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Submission Preparation Checklist

As part of the submission process, authors are required to check off their submission's compliance with all of the following items, and submissions may be returned to authors that do not adhere to these guidelines.
  • The submission has not been previously published, nor is it before another journal for consideration (unless an explanation has been provided in Comments to the Editor).
  • The submission file is in OpenOffice, Microsoft Word, or RTF document file format.
  • Where available, URLs for the references have been provided.
  • The text uses a 12-point font, 1.5 spacing.
  • The text adheres to the stylistic and bibliographic requirements outlined in the Author Guidelines.
  • Two files are submitted: full text with author's data (author’s name, last name, affiliation, email, ORCID number) and anonymised text version. This only applies to the original research article, reviews do not require an anonymised version.

Author Guidelines

We welcome all submissions based on original research in anthropology and related disciplines. Before making a submission please read the journal description to ensure that your paper fits into Ethnologia Polona’s aim and scope. It is also very important to carefully study our Publication Ethics and Malpractice Statement. Submission of an article implies that the author accepts our Ethics Policy and commits to respect its principles.

Ethnologia Polona is divided into two sections: “Special Section” and “Varia”. The "Special Section" is the main part of each issue, which focuses on a selected research topic and is supervised by a thematic editor and the editor-in-chief. In this section we accept original research articles related to the current topic of the issue. The “Varia” section contains articles unrelated to the main topic of the volume. There is no preference for any specific subject: however, proposed manuscripts should be linked with and contribute to anthropological theory and debates. They can be submitted at any time. This part of the volume is supervised by the editor-in-chief.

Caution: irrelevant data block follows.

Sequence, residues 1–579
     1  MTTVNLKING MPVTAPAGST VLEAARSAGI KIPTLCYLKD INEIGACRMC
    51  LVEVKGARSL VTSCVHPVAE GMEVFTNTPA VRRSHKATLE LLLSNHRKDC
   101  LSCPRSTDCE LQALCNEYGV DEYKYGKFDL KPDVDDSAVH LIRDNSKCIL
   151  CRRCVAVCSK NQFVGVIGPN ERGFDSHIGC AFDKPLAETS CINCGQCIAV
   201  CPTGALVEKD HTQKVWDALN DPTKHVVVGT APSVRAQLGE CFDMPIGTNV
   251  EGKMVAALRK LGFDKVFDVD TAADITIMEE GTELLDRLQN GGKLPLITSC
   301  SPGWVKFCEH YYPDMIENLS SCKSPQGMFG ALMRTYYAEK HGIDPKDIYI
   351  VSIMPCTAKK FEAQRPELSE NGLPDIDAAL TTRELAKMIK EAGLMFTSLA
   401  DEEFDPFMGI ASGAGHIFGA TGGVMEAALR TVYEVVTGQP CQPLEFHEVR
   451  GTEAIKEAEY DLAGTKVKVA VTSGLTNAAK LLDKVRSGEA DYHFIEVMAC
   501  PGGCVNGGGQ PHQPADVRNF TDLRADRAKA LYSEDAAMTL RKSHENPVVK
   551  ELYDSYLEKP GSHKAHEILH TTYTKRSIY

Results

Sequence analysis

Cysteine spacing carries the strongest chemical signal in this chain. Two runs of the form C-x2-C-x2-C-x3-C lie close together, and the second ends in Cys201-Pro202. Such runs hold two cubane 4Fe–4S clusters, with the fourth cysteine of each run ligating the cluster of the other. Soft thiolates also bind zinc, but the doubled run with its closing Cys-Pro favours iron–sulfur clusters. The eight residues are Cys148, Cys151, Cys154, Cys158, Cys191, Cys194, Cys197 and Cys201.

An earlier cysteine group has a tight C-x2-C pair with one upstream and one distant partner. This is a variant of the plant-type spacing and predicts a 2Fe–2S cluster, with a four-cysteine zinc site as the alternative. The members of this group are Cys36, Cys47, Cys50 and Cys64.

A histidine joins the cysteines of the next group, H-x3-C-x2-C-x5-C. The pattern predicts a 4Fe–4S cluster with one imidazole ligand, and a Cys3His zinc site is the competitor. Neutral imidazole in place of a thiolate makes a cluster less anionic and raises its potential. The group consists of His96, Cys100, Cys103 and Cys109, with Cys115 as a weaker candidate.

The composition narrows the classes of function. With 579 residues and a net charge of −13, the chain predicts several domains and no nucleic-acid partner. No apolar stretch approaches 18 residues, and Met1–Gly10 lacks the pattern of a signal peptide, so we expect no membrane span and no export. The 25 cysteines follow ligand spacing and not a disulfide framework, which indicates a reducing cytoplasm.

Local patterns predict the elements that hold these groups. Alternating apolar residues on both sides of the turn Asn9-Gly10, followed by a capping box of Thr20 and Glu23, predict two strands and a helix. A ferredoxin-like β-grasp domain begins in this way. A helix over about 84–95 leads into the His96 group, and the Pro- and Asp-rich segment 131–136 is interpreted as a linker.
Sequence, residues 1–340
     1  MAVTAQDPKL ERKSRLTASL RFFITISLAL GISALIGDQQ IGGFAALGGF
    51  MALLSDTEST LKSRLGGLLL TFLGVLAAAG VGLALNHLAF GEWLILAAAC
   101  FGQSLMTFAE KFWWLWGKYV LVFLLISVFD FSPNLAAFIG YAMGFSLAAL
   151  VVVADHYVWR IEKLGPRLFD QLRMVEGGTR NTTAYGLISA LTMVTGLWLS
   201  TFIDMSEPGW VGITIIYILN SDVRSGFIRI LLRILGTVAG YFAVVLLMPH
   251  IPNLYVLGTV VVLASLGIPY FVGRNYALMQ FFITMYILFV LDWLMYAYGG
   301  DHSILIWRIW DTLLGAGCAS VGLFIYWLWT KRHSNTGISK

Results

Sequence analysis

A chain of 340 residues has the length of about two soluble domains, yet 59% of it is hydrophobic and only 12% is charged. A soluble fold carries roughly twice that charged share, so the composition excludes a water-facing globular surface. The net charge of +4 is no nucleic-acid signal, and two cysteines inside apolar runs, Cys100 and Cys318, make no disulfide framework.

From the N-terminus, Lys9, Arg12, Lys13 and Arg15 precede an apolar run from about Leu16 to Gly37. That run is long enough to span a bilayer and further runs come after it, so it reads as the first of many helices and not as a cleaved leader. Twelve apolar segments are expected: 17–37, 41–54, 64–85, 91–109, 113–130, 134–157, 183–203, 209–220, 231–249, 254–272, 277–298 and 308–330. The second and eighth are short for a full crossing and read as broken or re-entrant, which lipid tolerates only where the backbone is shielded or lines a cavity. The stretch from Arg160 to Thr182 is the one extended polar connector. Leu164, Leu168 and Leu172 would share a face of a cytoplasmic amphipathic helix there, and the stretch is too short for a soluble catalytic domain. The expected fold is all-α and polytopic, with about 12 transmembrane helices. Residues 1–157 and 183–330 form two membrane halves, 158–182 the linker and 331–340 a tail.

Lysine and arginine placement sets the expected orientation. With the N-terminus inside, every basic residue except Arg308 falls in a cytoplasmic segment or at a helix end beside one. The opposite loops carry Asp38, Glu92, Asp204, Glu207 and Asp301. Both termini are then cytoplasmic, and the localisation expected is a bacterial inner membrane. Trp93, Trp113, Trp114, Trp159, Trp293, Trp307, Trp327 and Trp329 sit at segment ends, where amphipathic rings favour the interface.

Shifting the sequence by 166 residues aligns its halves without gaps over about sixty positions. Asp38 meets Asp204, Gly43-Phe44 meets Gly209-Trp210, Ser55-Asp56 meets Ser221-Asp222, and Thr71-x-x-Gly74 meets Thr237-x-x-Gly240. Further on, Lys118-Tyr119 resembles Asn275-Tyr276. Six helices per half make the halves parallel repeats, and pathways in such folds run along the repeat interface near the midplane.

Ethnologia Polona also accepts book reviews and occasional guest edited collections of thematic articles published as special issues. Propositions of special issues must be arranged with the editor in advance.

Manuscript Types

Articles (no longer than 7000 words) are manuscripts based on ethnographic empirical research and analysis, but may also be discursive critical essays. Original research articles go through double blind peer-review. During the submission process the author will be asked to upload two text files: a full article version with author's data (author’s name, last name, affiliation, email, ORCID number) and an anonymised version of the article.

Book reviews (no longer than 1200 words) describe and evaluate books on current ethnological and anthropological issues. Book reviews are not peer-reviewed, but are published at the discretion of the editor-in-chief. Only one file is required during the submission process: a full article version with the author's data.

Review Procedure

The publication process usually takes between 10 and 12 months from submission to publication. Submitted articles are preliminarily selected by the Editorial Team with regard to their compatibility with the overall journal thematic profile, formal requirements and general standards of scholarly publications. The author receives the first answer within 4 weeks of submitting a paper. Articles that meet the above listed requirements are forwarded to a minimum of two outside reviewers who are considered experts in the area of study the article touches upon. In some cases, editors might suggest changes in the manuscript before they forward it to the reviewers. The reviewers are carefully selected by the Editorial Team in consultation with the guest editor. The review process is based on the principle of double-blind peer review, which means that neither the reviewer nor the author know each other’s identities.

The manuscript is reviewed based on the article's:  

- concept (the choice of topic, a well-defined research question, the formulation of the paper’s objectives),
- argumentation and methodology (the selection and application of the method of analysis),
- innovative character,
- potential contribution to anthropological knowledge,
- relevance to the journal’s Aim and Scope and the theme of the issue,
- imbeddedness in existing literature relevant to the topic,